State vs. Federal Courts

Difference Between State and Federal Courts

In the U.S., two courts have been known, state and federal. Federal court is run by the federal government while state court is run by the state government. Federal court is known to have limited jurisdiction

One of the main differences between federal courts and the state courts lies in the jurisdiction they have. The jurisdiction of federal courts is not as complicate as state courts. State court deals with large number of cases while federal courts have limited number of cases where they deal with issues where national interest is involved.

Federal court is dealing with cases where there are federal concerns, trafficking of drugs or firearms, tax offenses, theft of a federal bank insurance and struggle between states, and the old cases related to treaties and laws.

Most criminal cases are heard in state courts. Although the crimes may be classified to fall into the category of federal courts but they are not usually found.

In state courts, judges are appointed by state governments while the federal government appoints judges in federal court. The president appoints federal judges who must be confirmed by the Senate. Federal judges hold their lease for the place basically for life. Federal judges can be removed by impeachment only.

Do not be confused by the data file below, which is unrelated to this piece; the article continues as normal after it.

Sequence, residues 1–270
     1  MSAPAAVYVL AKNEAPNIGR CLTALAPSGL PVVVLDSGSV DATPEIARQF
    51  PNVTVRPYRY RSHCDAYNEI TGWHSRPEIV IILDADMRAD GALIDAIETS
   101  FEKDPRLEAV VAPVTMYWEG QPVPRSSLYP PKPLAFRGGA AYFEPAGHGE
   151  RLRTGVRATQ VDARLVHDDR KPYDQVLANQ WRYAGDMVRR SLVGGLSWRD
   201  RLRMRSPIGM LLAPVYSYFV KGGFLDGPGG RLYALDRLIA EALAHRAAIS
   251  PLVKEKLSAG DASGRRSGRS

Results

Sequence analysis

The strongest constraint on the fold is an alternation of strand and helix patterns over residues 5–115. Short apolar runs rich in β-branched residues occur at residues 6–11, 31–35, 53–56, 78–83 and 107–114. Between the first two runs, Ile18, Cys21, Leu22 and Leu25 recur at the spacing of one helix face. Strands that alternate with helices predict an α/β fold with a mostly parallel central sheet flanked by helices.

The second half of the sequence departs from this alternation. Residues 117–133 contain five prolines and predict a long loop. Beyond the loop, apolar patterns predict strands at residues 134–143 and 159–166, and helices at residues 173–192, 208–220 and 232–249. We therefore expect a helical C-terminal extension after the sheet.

Summary:

1. The court of public justice is called as a court of general jurisdiction while the federal court is called upon as having limited jurisdiction.

2. Federal concerns are being dealt by federal courts, the trafficking of firearms, drug trafficking, tax offenses, theft of a federal bank insured struggle between states, and the decay cases related to treaties and laws.

3. We hear most criminal cases in state courts. Most of the probate (wills and states) cases, cases of tort (personal injury) and cases of family (marriage, adoption and divorce) is handled by state courts .

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